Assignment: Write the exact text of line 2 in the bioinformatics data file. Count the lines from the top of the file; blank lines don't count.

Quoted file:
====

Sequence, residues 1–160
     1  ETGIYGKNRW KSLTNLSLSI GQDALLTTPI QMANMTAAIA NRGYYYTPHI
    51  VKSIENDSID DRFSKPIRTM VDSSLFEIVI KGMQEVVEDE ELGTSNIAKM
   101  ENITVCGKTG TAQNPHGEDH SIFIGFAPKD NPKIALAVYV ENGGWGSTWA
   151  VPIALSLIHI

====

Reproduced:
     1  ETGIYGKNRW KSLTNLSLSI GQDALLTTPI QMANMTAAIA NRGYYYTPHI